[Ads-l] On the future of "Tar Heels"

Bonnie Taylor-Blake b.taylorblake at GMAIL.COM
Fri Jun 12 17:44:16 UTC 2020

I've long been interested in the origin and history of "Tar Heel,"
specifically as it applies to the State of North Carolina and its
residents. (And I posted something about this not long ago; see link far

If you are born in the State or simply live here you can call yourself a
Tar Heel. If you attend the University of North Carolina at Chapel Hill,
the state's flagship school, you're a Tar Heel. The University's sports
teams -- some extraordinary revenue-producers -- are known as the Tar Heels.

In light of recent increased awareness of racial injustice and inequality
across the country, I wouldn't be too surprised if we were to see a push
for the University, at least, to examine its relationship with "Tar Heels"
because of the term's long and complicated history and the University's
long and complicated history with race. (I could be wrong about that, but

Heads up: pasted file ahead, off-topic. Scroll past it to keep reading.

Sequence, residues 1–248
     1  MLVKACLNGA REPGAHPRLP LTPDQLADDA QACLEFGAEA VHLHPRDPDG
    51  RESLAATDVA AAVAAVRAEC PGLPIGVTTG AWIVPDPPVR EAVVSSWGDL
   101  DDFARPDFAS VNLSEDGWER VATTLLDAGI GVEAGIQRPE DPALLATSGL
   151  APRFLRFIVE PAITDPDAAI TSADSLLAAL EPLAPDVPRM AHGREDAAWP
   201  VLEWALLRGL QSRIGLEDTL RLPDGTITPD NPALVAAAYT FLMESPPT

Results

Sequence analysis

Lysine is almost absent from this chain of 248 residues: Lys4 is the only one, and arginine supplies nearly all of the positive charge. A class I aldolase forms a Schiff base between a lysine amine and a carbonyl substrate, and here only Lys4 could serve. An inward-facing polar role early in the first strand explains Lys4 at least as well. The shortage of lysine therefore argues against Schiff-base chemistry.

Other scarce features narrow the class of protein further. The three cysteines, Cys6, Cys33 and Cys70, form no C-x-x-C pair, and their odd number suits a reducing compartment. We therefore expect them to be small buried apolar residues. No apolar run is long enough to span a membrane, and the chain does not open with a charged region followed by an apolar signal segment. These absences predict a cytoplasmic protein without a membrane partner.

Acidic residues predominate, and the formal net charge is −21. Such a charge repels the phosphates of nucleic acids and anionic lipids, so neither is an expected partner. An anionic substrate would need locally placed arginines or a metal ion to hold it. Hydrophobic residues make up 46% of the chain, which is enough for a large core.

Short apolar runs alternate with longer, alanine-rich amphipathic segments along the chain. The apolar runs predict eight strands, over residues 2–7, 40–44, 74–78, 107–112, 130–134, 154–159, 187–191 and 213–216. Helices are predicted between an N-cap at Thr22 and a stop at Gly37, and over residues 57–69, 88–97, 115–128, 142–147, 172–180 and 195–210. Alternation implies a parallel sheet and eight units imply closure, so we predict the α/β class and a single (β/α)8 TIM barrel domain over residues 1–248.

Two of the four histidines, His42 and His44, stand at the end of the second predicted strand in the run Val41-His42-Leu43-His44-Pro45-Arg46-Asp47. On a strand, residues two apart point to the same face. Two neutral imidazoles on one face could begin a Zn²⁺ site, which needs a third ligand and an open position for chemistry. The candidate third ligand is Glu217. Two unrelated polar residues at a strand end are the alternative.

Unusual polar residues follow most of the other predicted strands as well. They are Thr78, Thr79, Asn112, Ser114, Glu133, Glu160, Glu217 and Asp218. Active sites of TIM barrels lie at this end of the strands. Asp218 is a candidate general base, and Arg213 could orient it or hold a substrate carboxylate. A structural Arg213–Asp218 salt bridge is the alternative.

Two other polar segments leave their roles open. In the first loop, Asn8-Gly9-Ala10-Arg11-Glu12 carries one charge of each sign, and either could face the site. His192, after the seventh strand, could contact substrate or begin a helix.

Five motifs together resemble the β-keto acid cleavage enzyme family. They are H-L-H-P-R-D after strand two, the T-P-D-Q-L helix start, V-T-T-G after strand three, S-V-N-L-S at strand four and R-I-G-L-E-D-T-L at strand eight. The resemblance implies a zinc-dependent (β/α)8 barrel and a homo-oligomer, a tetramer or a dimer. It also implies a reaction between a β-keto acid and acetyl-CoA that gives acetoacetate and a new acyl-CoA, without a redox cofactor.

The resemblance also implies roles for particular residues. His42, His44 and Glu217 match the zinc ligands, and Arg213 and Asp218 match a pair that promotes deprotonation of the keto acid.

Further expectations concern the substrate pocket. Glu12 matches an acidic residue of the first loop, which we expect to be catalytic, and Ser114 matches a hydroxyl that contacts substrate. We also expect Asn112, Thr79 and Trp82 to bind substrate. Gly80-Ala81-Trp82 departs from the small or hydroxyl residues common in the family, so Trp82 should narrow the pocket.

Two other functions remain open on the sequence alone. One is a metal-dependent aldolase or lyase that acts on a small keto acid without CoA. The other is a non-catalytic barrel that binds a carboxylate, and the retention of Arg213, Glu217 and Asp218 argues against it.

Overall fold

there are some rumblings about this on social media.)

I believe that "Tar Heels" has classist roots, since it seems to have been
first applied, as "Rosin Heels" had been, to poor, marginalized whites in
the South decades before the Civil War. There's also evidence it was
sometimes used with regard to poor blacks/slaves in the antebellum South.

Within the first years of the Civil War, however, "Tar Heels" came to be
associated with and adopted by North Carolina troops and now may well be
considered as carrying a Confederate stain.

I have no idea whether the University, its Board of Trustees, and state
legislators will ever acknowledge this issue and take it up, but any
conversation about this would be interesting to follow.

-- Bonnie

[Ads-l] On "Tar Heels" in general and North Carolinians as "Tar Heels":

The American Dialect Society - http://www.americandialect.org

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